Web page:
February 28, 2011

When you make travel a family event you need to find the perfect place. One that not only provides entertainment but SAFETY. I've always been amused by dogsledding, just didn't have the nerve to try it. All I could think about is how cold those mushers must be. I like winter, but not to the point that I want to sacrifice warmth for entertainment. Plus, my only reference for dogsledding are the movies I've seen and actors are ALWAYS racing their dogs and usually getting hurt. So, in my mind, sled dogs ran really really fast and the mushers were freezing their butts off. Well, Wintergreen taught us differently.

I chose Wintergreen for several reasons:

1. They allowed our 3 year old (now 4) to participate (rare in the world of extreme sports)

2. The owner was experienced, therefore, I felt we were all safe (he's Paul Schurke from that world famous trip to the North Pole)

3. They promised me we'd stay warm (our guide made sure of this upon arrival by checking all of our clothing and making adjustments where necessary)

Of course, Wintergreen offers much much more, like amazing lodges to stay in, gourmet food from a fantastic chef and top notch dogsledding guides...

To start off, the trip goes pretty much according to the itinerary posted on the Wintergreen website so I won't go into too much detail about that here but I do want to share a bit about the dogs and our guide.

Paul Schurke owns Canadian Inuit Eskimo dogs. Although I read a little about them online, seeing them in person is quite the experience. They are very vocal, very affectionate, and very strong. I'm use to my 3 chihuahuas. You couldn't pay them a heap of dog bisquits to go outside or to get off the couch. The Eskimo dogs live for the cold and live for the run. The part that surprised me the most is how loving they are. Not one sign of aggression towards people at any moment, not while eating or sleeping did they ever seem bothered by us hanging around them. I was also impressed at how well kept their kennel is. Paul takes immaculate care of his dogs. There is a lot of love between him and them. It was entertaining when Paul would pop into the kennel because the excitement from his dogs is indescribable.

Our guide Jason was fantastic! I have to commend him on his stamina. He guided us on cross country ski's across lakes and through the woods for several hours each day, covering a total of 20 miles. He cooked us breakfast every morning, educated us on the local environment, and made us look forward to each and every day. We couldn't have asked for a better guide.

Now, for a few pictures. If you are at all interested in Dogsledding, I highly recommend Wintergreen. When National Geographic said "you are mushing with the best at Wintergreen"... they meant it!

The Home of Wintergreen Doggers:

Jason, our guide, getting Aiyana set up in the sled (see her big smile... she was so excited):

Maya getting to know the team:

BTW/Maya and Middy managed to memorize the names of each and every dog in the kennel. I can barely remember my kids names much less a few dozen dogs so I'll just call most of them "dogs" for this post :)

Of course, who doesn't love doggies wet kisses:

Dad found his twin (they are sharing the same expression):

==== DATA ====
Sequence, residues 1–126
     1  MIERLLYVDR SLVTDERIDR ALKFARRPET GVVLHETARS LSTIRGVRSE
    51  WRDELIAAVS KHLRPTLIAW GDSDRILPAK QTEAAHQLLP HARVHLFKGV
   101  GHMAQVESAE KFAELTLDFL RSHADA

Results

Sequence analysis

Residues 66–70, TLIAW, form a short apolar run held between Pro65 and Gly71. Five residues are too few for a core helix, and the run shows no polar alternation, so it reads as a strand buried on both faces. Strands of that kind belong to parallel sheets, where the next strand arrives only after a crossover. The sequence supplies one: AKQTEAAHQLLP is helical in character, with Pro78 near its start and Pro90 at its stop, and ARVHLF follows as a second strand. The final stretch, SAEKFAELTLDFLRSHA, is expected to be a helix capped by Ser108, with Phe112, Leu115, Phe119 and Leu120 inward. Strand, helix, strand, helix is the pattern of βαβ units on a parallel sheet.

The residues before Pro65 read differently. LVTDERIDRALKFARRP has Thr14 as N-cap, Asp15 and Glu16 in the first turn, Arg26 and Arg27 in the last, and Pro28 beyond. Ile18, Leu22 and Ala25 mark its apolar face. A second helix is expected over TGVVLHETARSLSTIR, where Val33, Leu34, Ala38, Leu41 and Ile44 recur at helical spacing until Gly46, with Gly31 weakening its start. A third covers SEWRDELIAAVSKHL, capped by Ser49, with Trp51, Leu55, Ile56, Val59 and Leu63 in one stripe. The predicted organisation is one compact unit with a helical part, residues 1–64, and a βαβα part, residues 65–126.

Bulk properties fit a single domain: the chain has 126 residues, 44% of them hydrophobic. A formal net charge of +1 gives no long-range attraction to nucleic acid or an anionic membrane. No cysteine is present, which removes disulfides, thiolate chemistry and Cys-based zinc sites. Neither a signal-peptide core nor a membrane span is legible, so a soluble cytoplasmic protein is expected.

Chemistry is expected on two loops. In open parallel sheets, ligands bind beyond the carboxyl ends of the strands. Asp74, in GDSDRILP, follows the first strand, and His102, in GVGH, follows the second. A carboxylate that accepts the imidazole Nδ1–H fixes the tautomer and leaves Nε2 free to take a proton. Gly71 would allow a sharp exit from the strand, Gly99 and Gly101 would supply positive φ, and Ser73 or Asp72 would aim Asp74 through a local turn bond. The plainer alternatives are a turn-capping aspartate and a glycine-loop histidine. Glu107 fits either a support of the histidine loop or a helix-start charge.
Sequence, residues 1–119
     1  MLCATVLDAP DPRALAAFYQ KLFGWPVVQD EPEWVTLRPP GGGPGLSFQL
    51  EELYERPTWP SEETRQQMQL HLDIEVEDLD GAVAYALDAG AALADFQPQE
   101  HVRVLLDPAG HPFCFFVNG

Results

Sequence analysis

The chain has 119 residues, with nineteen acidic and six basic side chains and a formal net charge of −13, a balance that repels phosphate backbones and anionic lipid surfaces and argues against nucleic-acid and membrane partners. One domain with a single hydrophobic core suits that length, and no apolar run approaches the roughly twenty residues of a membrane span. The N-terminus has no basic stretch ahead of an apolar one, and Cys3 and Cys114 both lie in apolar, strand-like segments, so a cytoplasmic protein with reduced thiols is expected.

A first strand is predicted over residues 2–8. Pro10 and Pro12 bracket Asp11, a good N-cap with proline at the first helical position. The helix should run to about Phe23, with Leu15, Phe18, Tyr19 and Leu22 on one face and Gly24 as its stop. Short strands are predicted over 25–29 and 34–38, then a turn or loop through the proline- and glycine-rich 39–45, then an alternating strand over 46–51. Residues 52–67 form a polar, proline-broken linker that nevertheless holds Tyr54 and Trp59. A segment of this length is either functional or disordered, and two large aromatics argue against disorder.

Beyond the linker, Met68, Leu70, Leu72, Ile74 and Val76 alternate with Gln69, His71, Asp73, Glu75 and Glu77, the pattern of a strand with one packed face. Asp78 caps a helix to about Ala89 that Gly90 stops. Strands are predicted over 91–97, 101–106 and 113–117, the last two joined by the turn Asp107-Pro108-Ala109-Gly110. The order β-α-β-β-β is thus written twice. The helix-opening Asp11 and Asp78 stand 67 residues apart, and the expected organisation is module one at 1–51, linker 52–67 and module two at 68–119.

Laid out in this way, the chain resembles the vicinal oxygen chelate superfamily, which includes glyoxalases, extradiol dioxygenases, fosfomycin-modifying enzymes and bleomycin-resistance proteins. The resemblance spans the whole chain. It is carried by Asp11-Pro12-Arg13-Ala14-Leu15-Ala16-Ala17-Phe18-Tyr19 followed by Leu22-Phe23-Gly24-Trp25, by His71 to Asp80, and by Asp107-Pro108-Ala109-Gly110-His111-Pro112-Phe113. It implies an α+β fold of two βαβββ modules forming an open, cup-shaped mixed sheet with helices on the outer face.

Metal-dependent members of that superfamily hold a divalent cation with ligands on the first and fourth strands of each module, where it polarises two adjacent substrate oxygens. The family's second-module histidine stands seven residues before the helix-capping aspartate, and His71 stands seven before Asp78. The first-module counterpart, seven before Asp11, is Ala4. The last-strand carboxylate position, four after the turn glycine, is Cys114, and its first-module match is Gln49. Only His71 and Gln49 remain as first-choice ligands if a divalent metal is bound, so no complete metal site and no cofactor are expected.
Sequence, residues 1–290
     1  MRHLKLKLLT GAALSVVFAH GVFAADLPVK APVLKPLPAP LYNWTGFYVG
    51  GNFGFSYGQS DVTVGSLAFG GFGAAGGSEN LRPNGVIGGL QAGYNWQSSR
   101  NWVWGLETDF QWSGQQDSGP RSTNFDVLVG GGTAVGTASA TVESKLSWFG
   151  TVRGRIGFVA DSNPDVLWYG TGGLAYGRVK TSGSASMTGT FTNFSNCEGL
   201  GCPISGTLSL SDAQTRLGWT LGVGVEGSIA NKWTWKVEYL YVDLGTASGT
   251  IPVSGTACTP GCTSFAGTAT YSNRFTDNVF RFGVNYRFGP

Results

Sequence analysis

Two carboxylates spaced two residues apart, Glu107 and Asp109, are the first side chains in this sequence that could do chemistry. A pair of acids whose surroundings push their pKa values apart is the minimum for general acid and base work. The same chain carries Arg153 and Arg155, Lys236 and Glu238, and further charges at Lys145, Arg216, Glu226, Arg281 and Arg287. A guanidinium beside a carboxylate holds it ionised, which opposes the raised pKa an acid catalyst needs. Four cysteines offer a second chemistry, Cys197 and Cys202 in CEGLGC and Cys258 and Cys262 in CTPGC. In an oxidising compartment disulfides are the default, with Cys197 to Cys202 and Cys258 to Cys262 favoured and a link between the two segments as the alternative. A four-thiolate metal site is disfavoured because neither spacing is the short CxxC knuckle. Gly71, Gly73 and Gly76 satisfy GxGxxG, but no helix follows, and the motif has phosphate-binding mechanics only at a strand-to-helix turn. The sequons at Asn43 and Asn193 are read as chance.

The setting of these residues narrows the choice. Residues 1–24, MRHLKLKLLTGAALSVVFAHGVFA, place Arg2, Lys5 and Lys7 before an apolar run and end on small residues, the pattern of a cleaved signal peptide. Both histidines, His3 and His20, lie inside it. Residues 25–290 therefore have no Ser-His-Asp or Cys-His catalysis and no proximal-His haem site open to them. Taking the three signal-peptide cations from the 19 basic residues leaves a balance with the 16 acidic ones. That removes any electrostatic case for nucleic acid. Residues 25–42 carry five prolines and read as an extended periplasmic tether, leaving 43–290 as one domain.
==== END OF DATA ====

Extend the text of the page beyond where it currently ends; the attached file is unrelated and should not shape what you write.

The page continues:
Stopped for a moment as we were crossing the lake:

Our team (whose names I actually remember) Clara is in the back on the left, to her right is bullet. In the front on right is Snarf and on the left is Patches:

Wolf Poop Discovery (our guide Jason explained how to identify wolf poop. This one contains hair and bone):

Having lunch outside by a camp fire. We settled in the center of the woods off the trail. Our guide Jason set this up for us. The kids had pizza and lots of other goodies. It was a beautiful day with lots of sunshine.

Dogs running on trail:

Middy removing the dogs harness. Middy is making the "awwwww" face because her dog is lifting it's paw to help her remove the harness.

The end of the evening, after the dogs were snug in their kennel and well fed, we headed back to the lodge:

Our goodbye photo. While we were at Wintergreen we watched a documentary of Paul Schurke and Wil Steger's trip to the North Pole. Although I told Middy that Paul had made the trek north the video turned him into a superstar :) Middy was itching to have her picture taken with him so she could take it to school and tell everyone about Paul and his dogs.

Left to right: Aiyana, Jason (our Guide), Maya, Paul (Wintergreen Owner) and Middy.

and... to close. No, the dogs weren't running at top speed trying to flip me off at every turn, instead they maintained a good medium pace and we loved every minute of it. No, we weren't cold. The only part of my body that felt a little chilly was my nose and that was only when we crossed the lake which had no tree protection. That chill was temporary thanks to my face mask :) No, my kids weren't in any danger. The dogs respond to command very well and the sled has a breaking system that always works. No bumps, no bruises, no OMG moments. It was just perfect!
Pam J. said...

So interesting! And those dogs are almost (but not quite) as adorable as those sweet little ones.

BTW, thanks for the compliment on my bee photo the other day. You asked where I live (in MD, just a few miles north of the District of Columbia) and what kind of camera I used (a bottom of the line Canon--Power Shot A3100 IS). I was really, really lucky with that one bee photo, the one with the bee carrying pollen, because I am a rank amateur photographer. But luck works for amateurs too!

If we make it through the next 10 days without a major snow storm, then I know we're done for the year. The DC area never gets much snow when March gets into the double digits. Your snow could be around for months, right? I'm so sorry, but it certainly is beautiful.